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  1. #1
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    Default Basic Cross Slide/XY/Compound Table recommendations for a drill press?

    Hey guys,

    Newbie here, I've tried searching for existing threads on this to no avail (though I'm sure there must be plenty). I assume it's because these things have so many different names that people call them by: "Cross Slide Vice Table", "Compound Table", "XY Table" etc.

    I've just setup my first drill press (a table-top 390w unit from Ryobi), and have managed to break two drill bits right out of the gate thanks to slight slips in the vices I've been bolting onto the drill press' built-in table, and the lack of precision in positioning everything.

    So it's pretty evident I need a decent cross slide table to get the simple straight holes I'm trying to drill.

    This is for VERY occasional bits of metalworking (which will mostly just be drilling holes or tapping threads into various metal clamps now and then. So I don't want to spend more than a few hundred on the table (if possible).

    Here are a couple I've found that don't look terrible and suit the budget:

    https://mcjing.com.au/compound-slide-table.html

    https://forestwest.com.au/collection...th-swivel-base

    But I can't find much in the way of user reviews. And it's hard to find recommendations for any others. Looking on Amazon, most options just seem cheap - and most of the reviews mention having to modify and rebuild the units to get them working well (which is outside of the level of effort I'm looking to put in).

    So I was wondering if anyone could point me in the right direction, recommend a table that they like, or comment on either of the options above (if you've encountered them before).

    Would really appreciate the help!

    Cheers

  2. #2
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    Default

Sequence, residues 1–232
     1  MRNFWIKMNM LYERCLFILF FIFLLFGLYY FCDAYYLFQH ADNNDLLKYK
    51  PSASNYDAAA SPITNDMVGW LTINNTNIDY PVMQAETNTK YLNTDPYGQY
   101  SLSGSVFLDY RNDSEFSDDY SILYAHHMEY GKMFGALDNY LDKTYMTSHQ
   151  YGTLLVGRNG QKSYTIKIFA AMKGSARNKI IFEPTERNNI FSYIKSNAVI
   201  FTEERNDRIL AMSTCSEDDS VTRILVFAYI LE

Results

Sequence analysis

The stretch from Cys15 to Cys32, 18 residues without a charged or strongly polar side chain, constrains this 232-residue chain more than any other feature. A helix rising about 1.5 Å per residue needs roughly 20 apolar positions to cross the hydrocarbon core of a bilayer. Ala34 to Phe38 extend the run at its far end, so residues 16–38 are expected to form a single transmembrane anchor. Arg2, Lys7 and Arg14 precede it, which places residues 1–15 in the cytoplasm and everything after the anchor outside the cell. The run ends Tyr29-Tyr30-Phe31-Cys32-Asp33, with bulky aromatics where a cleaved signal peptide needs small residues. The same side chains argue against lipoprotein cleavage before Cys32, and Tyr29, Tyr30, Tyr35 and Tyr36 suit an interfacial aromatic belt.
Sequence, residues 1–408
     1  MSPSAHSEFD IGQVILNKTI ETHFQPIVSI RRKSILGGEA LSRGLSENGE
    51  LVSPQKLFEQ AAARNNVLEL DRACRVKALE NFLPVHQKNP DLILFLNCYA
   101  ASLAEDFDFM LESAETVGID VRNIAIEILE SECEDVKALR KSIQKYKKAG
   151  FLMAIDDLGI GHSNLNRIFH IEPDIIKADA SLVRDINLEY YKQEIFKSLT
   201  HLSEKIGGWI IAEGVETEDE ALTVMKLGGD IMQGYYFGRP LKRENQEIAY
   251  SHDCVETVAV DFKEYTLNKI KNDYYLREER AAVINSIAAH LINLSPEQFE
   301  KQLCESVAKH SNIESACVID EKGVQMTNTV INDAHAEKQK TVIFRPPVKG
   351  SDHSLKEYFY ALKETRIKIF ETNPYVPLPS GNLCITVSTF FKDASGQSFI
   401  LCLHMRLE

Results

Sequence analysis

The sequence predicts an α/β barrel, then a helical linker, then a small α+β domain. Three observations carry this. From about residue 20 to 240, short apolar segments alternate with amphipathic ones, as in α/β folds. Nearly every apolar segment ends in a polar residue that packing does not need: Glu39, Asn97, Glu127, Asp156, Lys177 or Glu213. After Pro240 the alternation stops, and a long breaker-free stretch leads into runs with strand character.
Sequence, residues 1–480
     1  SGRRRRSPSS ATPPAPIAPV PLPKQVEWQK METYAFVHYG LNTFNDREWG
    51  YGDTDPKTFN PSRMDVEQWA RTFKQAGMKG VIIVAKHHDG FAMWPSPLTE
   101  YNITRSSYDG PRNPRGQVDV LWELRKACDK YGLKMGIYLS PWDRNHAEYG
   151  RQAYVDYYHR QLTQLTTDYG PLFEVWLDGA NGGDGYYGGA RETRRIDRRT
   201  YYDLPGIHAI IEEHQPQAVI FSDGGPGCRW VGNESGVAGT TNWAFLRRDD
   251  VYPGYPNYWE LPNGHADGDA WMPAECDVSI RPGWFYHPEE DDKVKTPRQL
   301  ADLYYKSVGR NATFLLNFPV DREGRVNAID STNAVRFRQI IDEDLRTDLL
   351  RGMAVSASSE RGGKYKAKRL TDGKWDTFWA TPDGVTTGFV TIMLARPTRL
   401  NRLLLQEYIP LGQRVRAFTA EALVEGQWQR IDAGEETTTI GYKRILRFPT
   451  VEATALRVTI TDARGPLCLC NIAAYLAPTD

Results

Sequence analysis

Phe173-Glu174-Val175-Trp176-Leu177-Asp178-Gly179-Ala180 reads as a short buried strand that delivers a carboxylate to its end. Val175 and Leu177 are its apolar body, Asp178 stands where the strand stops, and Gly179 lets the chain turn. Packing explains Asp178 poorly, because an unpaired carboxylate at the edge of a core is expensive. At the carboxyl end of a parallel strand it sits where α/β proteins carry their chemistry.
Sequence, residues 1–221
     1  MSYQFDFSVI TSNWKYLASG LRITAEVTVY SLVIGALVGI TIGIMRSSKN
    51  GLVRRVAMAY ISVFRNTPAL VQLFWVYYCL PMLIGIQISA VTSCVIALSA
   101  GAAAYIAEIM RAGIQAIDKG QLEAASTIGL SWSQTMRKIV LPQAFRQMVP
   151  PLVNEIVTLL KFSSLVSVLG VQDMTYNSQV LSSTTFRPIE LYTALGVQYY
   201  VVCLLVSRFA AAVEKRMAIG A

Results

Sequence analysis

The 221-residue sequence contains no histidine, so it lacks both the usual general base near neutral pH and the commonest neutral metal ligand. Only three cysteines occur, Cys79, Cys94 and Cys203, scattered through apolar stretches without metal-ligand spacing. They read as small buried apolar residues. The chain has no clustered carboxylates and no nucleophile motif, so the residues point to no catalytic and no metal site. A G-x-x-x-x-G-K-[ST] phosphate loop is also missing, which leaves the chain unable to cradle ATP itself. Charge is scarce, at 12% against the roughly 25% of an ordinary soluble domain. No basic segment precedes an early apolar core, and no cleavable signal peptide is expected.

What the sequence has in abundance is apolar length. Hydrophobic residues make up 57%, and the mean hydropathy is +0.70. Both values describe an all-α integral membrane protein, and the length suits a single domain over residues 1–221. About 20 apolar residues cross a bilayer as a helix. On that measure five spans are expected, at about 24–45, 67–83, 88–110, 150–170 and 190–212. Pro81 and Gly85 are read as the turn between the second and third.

But if the bits are breaking when the work is secured to the table, adding an X-Y table won't really help, as that too will be secured to the table. If you are considering attaching the X-Y table to the base of the drill, you will have problems because not all bits are the same length (and not all work pieces are either).
    Perhaps some photos of the set up you currently have - there could be something that is happening that someone might spot.

    Michael

  3. #3
    BobL is online now Member: Blue and white apron brigade
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    A cross slide vice is nice but it's not essential for most DP work.

    All that is needed to get started for small jobs is a regular ($30) Drill press vice like this.

    Screen Shot 2021-07-19 at 4.15.16 pm.png
    For light jobs it does not need to be firmly bolted down to the table just loosely bolted and tightened down as required.

    Another approach is using toggle clamps (~$16 each), something like this
    Screen Shot 2021-07-19 at 4.22.07 pm.png

    A small (100mm) budget end ($90) cross slide or compound vice looks like this.
    Screen Shot 2021-07-19 at 4.29.58 pm.png
    I used one of these for a few years - they are pretty sloppy devices and not much better and in some ways worse than a simple vice.
    They are pretty heavy and may be too much weight for your DP table.
    It makes lowering and raising the table somewhat awkward.


    I currently have one of these 125mm HD compound vices. It's more robust and heavier that the one above but X-Y wise still a long way from a proper X-Y table .
    Screen Shot 2021-07-19 at 4.35.02 pm.png

    A few years ago I made myself a DP table with a matrix of threaded holes and ratchet handle hold downs.
    Its the nicest to use for medium small jobs.
    You can see that it attaches to my 125mm compound vice.
    DPtable1.jpg

  4. #4
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    Hi Grumply,

    Welcome to the forums.

    I have and use an X-Y table similar to the one you linked to ! I replaced the drill table with the new X-Y one. However I still use a loose drill vise to hold work and stop it getting away if the drill grabs. If you are breaking drills, I would suggest that you are being a bit heavy handed applying pressure to the down feed handle.

    I generally just centre pop the work where I want to drill it and then clamp it in a loose drill vise. This works well for holes up to about 8 mm in steel. Anything bigger will get clamped in a fixed drill vice secured to the X-Y table. Be aware that the bigger the drill the slower it needs to spin. About 500 rpm is OK for 8 mm to 12 mm. A 2 mm drill needs about 3000 to 3500 rpm.

    HTH.
    13-02-2021-001.jpg
    Edited to add a picture of my Drill X-Y setup !
    Best Regards: